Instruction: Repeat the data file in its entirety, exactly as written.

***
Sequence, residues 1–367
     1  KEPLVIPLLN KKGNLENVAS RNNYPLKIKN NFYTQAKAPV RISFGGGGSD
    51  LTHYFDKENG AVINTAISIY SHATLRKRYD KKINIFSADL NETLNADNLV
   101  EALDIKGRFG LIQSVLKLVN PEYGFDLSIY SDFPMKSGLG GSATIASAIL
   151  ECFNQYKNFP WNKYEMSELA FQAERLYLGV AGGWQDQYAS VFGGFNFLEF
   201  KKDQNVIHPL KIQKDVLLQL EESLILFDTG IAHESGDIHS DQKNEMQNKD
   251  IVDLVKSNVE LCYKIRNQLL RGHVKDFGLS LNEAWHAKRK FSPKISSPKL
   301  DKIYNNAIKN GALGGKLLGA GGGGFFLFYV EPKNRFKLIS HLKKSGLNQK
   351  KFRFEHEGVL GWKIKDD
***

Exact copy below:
Sequence, residues 1–367
     1  KEPLVIPLLN KKGNLENVAS RNNYPLKIKN NFYTQAKAPV RISFGGGGSD
    51  LTHYFDKENG AVINTAISIY SHATLRKRYD KKINIFSADL NETLNADNLV
   101  EALDIKGRFG LIQSVLKLVN PEYGFDLSIY SDFPMKSGLG GSATIASAIL
   151  ECFNQYKNFP WNKYEMSELA FQAERLYLGV AGGWQDQYAS VFGGFNFLEF
   201  KKDQNVIHPL KIQKDVLLQL EESLILFDTG IAHESGDIHS DQKNEMQNKD
   251  IVDLVKSNVE LCYKIRNQLL RGHVKDFGLS LNEAWHAKRK FSPKISSPKL
   301  DKIYNNAIKN GALGGKLLGA GGGGFFLFYV EPKNRFKLIS HLKKSGLNQK
   351  KFRFEHEGVL GWKIKDD